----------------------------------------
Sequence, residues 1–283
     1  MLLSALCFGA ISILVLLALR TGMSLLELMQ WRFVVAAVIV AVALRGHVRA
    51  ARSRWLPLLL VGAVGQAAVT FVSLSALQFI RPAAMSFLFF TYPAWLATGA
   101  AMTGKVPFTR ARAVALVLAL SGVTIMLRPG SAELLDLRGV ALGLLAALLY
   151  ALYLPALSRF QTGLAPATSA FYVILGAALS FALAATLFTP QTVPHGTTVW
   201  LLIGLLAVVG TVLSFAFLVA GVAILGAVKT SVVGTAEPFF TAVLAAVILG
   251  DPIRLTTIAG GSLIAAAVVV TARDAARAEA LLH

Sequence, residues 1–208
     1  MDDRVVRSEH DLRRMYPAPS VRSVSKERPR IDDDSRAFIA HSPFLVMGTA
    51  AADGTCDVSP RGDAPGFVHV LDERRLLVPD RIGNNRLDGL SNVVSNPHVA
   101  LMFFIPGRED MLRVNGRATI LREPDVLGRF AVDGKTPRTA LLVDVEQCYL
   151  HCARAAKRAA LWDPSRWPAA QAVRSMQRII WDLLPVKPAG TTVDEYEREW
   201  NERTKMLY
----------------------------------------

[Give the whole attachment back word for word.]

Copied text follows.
Sequence, residues 1–283
     1  MLLSALCFGA ISILVLLALR TGMSLLELMQ WRFVVAAVIV AVALRGHVRA
    51  ARSRWLPLLL VGAVGQAAVT FVSLSALQFI RPAAMSFLFF TYPAWLATGA
   101  AMTGKVPFTR ARAVALVLAL SGVTIMLRPG SAELLDLRGV ALGLLAALLY
   151  ALYLPALSRF QTGLAPATSA FYVILGAALS FALAATLFTP QTVPHGTTVW
   201  LLIGLLAVVG TVLSFAFLVA GVAILGAVKT SVVGTAEPFF TAVLAAVILG
   251  DPIRLTTIAG GSLIAAAVVV TARDAARAEA LLH

Sequence, residues 1–208
     1  MDDRVVRSEH DLRRMYPAPS VRSVSKERPR IDDDSRAFIA HSPFLVMGTA
    51  AADGTCDVSP RGDAPGFVHV LDERRLLVPD RIGNNRLDGL SNVVSNPHVA
   101  LMFFIPGRED MLRVNGRATI LREPDVLGRF AVDGKTPRTA LLVDVEQCYL
   151  HCARAAKRAA LWDPSRWPAA QAVRSMQRII WDLLPVKPAG TTVDEYEREW
   201  NERTKMLY